Writing in July 2008, retired United States Army General Barry McCaffrey, a Gulf War veteran and critic of the initial American strategy in Iraq, assessed the war in Afghanistan and concluded the following.
1) “Afghanistan is in misery.” Life expectancy is low and violence and crime are rampant. At the time, McCaffrey expected Afghan governance to worsen at least until the summer of 2010.
2) An enormous majority of the Afghan people reject the Taliban but have little faith in the government’s ability to provide them with security and jobs. They do trust the foreign forces but are suspicious about their long-term commitment.
3) Afghan and NATO forces are militarily superior to the insurgents but they “cannot win through a war of attrition.”
4) The war has basically run into a stalemate while Afghanistan’s political elite is “focused more on the struggle for power than governance.”
5) Additional forces are required to break the deadlock.
6) There is no “sensible coordination of all political and military elements of the Afghan theater of operations” which is hampering the war effort.
General McCaffrey specifically called on NATO to provide more troops. International cooperation was, and is, of the utmost importance in winning the war, he wrote — more than a year ago.
In a similar finding last November, the general appeared all the more pessimistic. “The Taliban believe they are winning,” he wrote and the Afghan people “do not know who will prevail.” Their trust in the Afghan government has declined further while allied casualties have “gone up dramatically.”
There is some reason to be hopeful though. “The Afghan National Army is a growing success story,” and “ISAF is reinforcing just in time to rescue the deteriorating tactical situation.”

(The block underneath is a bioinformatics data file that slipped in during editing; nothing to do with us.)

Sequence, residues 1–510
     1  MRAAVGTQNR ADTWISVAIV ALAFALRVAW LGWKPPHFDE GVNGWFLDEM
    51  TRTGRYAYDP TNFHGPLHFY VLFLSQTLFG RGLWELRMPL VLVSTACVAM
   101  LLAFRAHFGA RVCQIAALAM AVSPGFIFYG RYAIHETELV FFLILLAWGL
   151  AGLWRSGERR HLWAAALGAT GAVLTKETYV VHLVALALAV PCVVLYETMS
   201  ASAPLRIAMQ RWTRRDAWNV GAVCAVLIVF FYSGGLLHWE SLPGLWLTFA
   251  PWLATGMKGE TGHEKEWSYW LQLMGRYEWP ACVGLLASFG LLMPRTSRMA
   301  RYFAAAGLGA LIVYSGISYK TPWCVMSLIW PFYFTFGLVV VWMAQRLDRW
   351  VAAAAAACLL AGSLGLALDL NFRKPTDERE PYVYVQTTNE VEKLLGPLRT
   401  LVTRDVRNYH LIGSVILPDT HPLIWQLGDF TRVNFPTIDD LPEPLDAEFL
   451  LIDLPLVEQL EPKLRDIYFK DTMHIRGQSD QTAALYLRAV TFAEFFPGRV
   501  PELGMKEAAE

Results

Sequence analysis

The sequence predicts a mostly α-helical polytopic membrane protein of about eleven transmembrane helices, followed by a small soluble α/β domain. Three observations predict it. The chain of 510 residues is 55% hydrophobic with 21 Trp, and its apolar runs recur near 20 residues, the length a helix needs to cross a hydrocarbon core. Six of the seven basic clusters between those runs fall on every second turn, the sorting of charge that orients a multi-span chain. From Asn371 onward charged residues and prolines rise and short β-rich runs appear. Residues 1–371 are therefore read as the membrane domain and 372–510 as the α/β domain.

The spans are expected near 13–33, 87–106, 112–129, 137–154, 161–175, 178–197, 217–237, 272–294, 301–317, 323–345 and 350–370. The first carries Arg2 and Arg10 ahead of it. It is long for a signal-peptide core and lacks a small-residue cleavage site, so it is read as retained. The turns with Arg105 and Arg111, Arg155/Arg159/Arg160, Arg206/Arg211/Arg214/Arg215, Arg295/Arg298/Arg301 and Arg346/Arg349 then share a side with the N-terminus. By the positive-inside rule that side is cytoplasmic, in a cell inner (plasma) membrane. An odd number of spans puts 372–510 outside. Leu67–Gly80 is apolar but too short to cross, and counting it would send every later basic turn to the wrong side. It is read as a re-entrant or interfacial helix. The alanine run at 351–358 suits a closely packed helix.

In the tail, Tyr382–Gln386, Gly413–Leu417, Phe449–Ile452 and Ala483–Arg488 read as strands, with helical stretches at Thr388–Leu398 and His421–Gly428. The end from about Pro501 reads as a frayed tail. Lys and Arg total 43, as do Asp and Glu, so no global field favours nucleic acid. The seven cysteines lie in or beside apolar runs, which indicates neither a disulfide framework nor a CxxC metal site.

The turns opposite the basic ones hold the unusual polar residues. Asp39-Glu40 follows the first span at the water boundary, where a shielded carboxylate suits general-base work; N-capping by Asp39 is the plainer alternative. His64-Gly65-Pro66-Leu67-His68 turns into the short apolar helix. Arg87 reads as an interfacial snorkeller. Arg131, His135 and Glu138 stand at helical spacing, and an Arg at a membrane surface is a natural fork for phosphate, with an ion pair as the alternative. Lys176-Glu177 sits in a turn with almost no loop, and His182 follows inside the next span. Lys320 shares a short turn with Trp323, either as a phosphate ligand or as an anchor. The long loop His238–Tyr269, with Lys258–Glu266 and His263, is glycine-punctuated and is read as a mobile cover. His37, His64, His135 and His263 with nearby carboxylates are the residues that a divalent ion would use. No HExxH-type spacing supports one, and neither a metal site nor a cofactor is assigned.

David Betz at Kings of War is skeptical however. He notes that none of McCaffrey’s original six concerns have really been addressed. That seems only partly true.
Yes, Afghanistan is still in a deplorable state. Civilian casualties and unemployment figures remain high while the military and ideological power base of the Taliban might well be gaining strength. They are waging a successful propaganda campaign that portrays the Taliban as a disciplined and truly Islamic alternative to the corrupt and incapable Kabul government and to the Western troops which they claim intend to occupy the country indefinitely.
President Obama attempted to counter this claim when he announced a timetable for the withdrawal of American forces; a decision that General McCaffrey thinks was the wrong one:
Our focus must now not be on an exit strategy — but effective execution of the political, economic, and military measures required to achieve our purpose.
The United States cannot appear to be “scuttling from Afghanistan,” agrees Betz. “We most definitely should, however, have our eyes on the exit and how to achieve the most seemly passage through it as is possible.” Why, yes, eventually. But right now, foreign troops are all that stand between Afghanistan and the Taliban ruling it once again.
The president’s date for the ‘beginning of the end’ will not see the immediate and complete evacuation of NATO forces. Rather, as Secretaries Hillary Clinton and Robert Gates explained on December 2 while testifying before the Senate Armed Services and House Foreign Affairs Committees, the United States is in Afghanistan for the long run — even though it will be with fewer troops
Throughout his election campaign, President Obama stressed the importance of winning the war in Afghanistan. Afghanistan, he knew, was the ground where the real War on Terror was being waged. He was right. With the recent inclusion of Pakistan in the administration’s approach to the war, the United States has the ability, and must gather the will, to defeat the forces of extremism that operate from the mountainous border region between the two South Asian states and from where they continue to threaten the stability of that entire region.